The White House says Donald Trump's comment about banning Muslims 'disqualifies' him from the presidency, as the stance does not line up with the Constitution.
"Donald J. Trump is calling for a total and complete shutdown of Muslims entering the United States," said Trump.
The inflammatory comments are catching national headlines, going along with the old adage "there's no such thing as bad publicity."
"There's no one he wasn't willing to demonize or insult in some way," said Seth Masket, Political Science Chair at the University of Denver.
Masket said there is no legal basis for the ban, even if Trump did become president.
"Congress would have to approve it, for one thing, and that's certainly far from a done deal," said Masket. "Then the Supreme Court would evaluate that pretty quickly and would almost certainly find that to be unconstitutional. But there are so many steps you would have to go through to even get to that, it's hard to imagine anything like this becoming close to law."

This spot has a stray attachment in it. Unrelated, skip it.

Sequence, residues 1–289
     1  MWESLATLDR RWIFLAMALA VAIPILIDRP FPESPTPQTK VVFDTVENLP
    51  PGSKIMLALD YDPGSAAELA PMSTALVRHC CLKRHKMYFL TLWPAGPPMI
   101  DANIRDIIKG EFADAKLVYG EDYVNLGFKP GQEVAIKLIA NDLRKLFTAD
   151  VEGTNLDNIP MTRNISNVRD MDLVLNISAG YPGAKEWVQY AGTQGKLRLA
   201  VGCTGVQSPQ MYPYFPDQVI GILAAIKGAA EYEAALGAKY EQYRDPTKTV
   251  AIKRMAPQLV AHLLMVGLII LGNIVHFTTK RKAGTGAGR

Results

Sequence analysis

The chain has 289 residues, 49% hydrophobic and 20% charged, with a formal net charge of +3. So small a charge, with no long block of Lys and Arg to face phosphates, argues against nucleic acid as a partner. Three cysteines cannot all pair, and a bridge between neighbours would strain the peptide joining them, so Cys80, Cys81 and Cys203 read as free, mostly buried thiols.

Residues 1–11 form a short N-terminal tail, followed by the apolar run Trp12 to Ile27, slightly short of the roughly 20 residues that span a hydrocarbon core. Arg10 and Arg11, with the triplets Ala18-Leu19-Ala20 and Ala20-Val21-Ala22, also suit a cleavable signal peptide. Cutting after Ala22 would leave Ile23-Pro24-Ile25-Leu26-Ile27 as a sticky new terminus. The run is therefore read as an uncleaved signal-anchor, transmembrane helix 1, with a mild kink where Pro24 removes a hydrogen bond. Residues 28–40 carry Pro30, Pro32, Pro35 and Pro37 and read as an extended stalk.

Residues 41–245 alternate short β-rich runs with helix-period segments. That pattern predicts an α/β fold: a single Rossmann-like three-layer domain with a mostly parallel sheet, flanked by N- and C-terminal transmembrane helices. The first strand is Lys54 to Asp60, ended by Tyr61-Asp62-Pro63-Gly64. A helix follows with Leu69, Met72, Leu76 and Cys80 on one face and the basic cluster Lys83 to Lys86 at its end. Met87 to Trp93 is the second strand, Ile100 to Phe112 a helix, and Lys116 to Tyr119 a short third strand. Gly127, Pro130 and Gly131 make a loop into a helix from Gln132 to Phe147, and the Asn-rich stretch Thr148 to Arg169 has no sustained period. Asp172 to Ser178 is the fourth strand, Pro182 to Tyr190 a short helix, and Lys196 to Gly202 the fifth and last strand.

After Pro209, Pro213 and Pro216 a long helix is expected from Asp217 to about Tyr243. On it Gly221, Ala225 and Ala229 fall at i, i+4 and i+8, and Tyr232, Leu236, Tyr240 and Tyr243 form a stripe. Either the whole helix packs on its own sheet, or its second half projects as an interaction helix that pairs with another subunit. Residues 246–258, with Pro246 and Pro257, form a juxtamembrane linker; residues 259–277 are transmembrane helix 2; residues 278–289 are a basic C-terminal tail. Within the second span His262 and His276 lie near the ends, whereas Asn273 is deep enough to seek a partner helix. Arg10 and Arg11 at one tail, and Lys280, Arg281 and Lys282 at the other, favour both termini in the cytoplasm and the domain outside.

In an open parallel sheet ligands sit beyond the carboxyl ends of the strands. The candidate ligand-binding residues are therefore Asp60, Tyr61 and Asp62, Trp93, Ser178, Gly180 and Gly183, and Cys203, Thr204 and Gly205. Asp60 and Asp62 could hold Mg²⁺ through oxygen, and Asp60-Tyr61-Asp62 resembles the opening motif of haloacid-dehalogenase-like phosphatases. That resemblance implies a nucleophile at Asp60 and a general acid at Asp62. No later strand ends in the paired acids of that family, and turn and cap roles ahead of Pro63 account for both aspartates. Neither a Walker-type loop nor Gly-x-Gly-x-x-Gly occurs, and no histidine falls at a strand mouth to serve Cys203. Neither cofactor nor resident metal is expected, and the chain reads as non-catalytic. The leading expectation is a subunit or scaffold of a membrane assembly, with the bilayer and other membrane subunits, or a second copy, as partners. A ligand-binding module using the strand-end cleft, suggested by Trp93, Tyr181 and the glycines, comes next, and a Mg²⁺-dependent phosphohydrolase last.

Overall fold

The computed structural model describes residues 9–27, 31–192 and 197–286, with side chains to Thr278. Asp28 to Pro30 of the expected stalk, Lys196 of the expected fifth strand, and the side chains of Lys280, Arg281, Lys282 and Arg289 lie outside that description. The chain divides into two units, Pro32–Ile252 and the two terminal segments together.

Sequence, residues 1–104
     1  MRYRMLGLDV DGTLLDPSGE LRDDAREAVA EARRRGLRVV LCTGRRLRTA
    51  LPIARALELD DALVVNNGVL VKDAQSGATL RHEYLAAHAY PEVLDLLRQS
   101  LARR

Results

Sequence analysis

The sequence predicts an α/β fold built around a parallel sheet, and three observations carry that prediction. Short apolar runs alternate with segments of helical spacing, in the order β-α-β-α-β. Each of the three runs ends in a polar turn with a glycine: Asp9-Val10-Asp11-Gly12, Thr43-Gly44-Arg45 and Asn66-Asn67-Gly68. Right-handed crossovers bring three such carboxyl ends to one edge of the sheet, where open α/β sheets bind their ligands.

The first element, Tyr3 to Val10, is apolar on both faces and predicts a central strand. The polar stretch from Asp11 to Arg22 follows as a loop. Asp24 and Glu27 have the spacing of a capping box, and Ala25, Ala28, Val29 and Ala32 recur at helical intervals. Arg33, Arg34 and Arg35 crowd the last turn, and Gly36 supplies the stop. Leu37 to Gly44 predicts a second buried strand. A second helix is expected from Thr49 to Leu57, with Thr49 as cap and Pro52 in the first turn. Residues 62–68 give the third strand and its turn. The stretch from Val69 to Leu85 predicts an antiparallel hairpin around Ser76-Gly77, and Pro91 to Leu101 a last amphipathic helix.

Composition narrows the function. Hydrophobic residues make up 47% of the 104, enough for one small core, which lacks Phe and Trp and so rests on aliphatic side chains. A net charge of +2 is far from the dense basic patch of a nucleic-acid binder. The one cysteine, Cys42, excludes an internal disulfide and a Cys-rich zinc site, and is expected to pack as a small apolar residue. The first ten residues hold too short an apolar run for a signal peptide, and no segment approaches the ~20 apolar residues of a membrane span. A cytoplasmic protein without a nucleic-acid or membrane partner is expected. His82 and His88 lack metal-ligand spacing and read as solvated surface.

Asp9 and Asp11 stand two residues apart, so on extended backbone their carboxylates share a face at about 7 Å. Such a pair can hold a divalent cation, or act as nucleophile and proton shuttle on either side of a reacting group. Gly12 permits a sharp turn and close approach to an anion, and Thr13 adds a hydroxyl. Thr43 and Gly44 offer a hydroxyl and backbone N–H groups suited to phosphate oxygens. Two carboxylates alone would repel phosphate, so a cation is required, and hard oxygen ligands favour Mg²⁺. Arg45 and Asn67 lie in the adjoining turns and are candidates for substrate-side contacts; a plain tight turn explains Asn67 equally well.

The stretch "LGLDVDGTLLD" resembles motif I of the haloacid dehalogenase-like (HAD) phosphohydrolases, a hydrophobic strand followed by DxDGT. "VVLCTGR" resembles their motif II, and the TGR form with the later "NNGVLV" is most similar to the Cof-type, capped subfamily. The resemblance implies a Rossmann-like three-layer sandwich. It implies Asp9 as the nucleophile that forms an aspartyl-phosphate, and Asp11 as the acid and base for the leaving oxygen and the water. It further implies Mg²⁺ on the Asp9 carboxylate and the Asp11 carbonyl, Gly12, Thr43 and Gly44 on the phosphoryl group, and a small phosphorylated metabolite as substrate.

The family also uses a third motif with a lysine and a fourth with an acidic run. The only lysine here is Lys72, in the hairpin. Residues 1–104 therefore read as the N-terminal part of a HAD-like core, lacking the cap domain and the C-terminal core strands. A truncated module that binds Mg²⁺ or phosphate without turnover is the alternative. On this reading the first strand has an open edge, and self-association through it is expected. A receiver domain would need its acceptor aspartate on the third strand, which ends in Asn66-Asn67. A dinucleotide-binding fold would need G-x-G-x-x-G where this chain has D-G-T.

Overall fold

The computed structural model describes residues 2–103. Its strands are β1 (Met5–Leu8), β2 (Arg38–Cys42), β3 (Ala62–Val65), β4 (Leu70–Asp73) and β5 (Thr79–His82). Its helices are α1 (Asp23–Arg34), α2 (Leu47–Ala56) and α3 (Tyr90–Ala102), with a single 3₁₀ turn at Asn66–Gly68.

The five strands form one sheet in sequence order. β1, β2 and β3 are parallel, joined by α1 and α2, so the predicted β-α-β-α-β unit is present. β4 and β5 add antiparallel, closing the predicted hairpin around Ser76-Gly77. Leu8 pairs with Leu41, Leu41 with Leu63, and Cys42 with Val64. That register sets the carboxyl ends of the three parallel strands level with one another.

When asked on a morning network talk show Tuesday, Trump defended his stance, saying, "We're at war." His comments come as the country heals from the ISIS-inspired mass shooting in San Bernardino, California.
"There's a certain percentage of Americans who find they like his message, maybe they don't like everything he's saying, but they consider immigration to be a serious problem or they consider Muslims to be a serious problem," said Masket.
A new CNN/WMUR poll conducted by the University of New Hampshire Survey Center says 32% of potential New Hampshire Republicans would support Trump, meaning he has almost doubled his lead since September.